Whole-abdominal radiation in endometrial carcinoma: An analysis of toxicity, patterns of recurrence, and survival

William Small*, Arul Mahadevan, Phillip Roland, Laura Vallow, Tom Zusag, David Fishman, Stewart Massad, Alfred W Rademaker, John A Kalapurakal, Susan Chang, John Robert Lurain III

*Corresponding author for this work

Research output: Contribution to journalArticlepeer-review

19 Scopus citations


PURPOSE: The purpose of this study was to determine the toxicity, patterns of recurrence, and survival in high-risk endometrial cancer patients treated with whole-abdominal radiation. MATERIALS AND METHODS: All patients with endometrial cancer treated at Northwestern University since 1994 and at Rush University since 1993 were retrospectively reviewed. Patients believed to be at high risk for intra-abdominal recurrence and who received whole-abdominal radiation were reviewed for this study. RESULTS: A total of 30 patients completed whole-abdominal radiation (WAR) and were available for study. The mean and median follow-up was 2.3 and 2.1 years, respectively, with a range of 0.13 to 6.1 years. Seventy-eight percent of the cohort received surgical staging with bilateral salpingo-oophorectomy/total abdominal hysterectomy/lymph node sampling. Forty-seven percent of the patients were found to have serous histology as a component of their tumor. Surgical staging results included 19% stage 1B, 4% stage IC, 8% stage IIB, 37% stage IIIA, 26% stage IIIC, and 7% stage IVB. Two patients had gross residual disease at the completion of surgery. Megestrol acetate (Megace) was used as an adjuvant treatment in 37% of patients, and no cases received initial chemotherapy. All patients received WAR with a mean total dose and dose per fraction of 2620 and 143 cGy, respectively. Twenty-two percent of patients received a para-aortic boost. The mean total pelvic dose was 4956 cGy. Seventy percent of patients received a vaginal cuff boost. Eight percent of patients had grade 3 acute gastrointestinal morbidity, and 4% had grade 4 acute gastrointestinal morbidity. No other grade 3 or greater acute or long-term morbidity was noted. At last follow-up, seven (23%) patients had experienced recurrence. The pattern of first recurrence was 0% in the vaginal cuff, 3% other vaginal, 7% pelvic, 7% upper abdominal, 3% lung, 7% bone, and 7% para-aortic lymph nodes. Ultimate recurrences were similar. At last follow-up, 77% patients had no evidence of disease, 13% were alive with disease, and 10% had died of disease. CONCLUSIONS: Utilizing a conservative total whole-abdominal radiation dose and limited para-aortic nodal boost resulted in very tolerable treatments. The patterns of recurrence and survival in this early report are encouraging.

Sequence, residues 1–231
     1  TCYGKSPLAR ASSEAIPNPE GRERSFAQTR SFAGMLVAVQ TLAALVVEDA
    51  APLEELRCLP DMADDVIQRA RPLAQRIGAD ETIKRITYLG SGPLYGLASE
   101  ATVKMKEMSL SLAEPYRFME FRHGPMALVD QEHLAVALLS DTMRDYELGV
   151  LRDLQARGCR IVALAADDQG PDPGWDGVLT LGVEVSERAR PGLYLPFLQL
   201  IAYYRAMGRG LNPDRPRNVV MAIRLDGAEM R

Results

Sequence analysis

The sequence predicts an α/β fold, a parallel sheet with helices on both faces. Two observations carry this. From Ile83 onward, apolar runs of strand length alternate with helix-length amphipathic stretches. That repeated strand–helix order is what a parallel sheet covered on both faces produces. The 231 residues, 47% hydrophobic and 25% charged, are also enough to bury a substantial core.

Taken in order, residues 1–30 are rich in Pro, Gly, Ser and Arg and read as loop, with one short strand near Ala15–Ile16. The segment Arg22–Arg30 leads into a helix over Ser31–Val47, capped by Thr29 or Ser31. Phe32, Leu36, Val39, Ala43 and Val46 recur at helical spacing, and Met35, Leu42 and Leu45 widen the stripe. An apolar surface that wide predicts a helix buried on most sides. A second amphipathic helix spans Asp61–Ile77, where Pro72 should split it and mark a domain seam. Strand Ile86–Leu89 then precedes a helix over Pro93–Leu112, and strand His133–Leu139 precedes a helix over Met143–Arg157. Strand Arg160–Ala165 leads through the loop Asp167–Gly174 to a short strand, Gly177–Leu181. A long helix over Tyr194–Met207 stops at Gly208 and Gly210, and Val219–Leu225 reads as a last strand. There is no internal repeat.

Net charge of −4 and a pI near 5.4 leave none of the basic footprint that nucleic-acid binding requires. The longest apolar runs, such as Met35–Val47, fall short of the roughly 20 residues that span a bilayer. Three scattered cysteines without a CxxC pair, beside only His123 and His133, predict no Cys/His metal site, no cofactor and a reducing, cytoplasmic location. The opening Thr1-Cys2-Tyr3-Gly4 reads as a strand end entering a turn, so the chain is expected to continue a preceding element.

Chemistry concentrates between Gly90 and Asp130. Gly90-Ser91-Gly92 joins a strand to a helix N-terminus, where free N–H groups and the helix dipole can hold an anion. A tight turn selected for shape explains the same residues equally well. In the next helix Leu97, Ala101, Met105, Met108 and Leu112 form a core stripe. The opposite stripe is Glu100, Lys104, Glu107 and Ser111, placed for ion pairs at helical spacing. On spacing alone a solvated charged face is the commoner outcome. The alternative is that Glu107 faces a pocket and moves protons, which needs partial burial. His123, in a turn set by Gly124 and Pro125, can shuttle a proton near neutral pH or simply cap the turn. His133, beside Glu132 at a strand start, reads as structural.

Original languageEnglish (US)
Pages (from-to)394-400
Number of pages7
JournalCancer Journal
Issue number6
StatePublished - Dec 1 2000


  • Endometrial cancer
  • Serous histology
  • Whole abdominal radiation

ASJC Scopus subject areas

  • Oncology
  • Cancer Research

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